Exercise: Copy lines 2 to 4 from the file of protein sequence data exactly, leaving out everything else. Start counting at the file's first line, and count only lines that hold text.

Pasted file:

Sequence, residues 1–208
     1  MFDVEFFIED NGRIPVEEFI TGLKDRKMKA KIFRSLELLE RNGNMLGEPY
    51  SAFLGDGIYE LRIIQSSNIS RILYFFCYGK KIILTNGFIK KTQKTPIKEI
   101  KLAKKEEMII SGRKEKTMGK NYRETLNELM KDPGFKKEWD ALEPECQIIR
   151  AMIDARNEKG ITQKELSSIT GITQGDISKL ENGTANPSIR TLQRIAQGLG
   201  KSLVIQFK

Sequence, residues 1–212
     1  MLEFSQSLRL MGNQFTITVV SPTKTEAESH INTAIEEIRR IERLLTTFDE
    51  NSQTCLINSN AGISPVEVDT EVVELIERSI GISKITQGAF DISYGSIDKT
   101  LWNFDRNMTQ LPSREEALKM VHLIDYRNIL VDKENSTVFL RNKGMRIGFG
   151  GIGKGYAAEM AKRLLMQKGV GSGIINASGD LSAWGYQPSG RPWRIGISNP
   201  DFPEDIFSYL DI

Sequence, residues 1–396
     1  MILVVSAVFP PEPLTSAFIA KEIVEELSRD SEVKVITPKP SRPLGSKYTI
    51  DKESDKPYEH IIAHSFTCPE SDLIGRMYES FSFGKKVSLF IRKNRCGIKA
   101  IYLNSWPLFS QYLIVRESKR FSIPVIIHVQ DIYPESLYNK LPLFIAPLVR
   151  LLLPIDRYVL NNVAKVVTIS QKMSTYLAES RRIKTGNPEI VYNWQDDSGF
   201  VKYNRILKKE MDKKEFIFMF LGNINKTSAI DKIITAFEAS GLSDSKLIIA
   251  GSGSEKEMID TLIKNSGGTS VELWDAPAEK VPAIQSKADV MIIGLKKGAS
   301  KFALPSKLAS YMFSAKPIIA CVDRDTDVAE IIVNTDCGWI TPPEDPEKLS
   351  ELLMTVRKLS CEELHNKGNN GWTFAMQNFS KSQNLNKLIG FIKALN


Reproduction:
     1  MFDVEFFIED NGRIPVEEFI TGLKDRKMKA KIFRSLELLE RNGNMLGEPY
    51  SAFLGDGIYE LRIIQSSNIS RILYFFCYGK KIILTNGFIK KTQKTPIKEI
   101  KLAKKEEMII SGRKEKTMGK NYRETLNELM KDPGFKKEWD ALEPECQIIR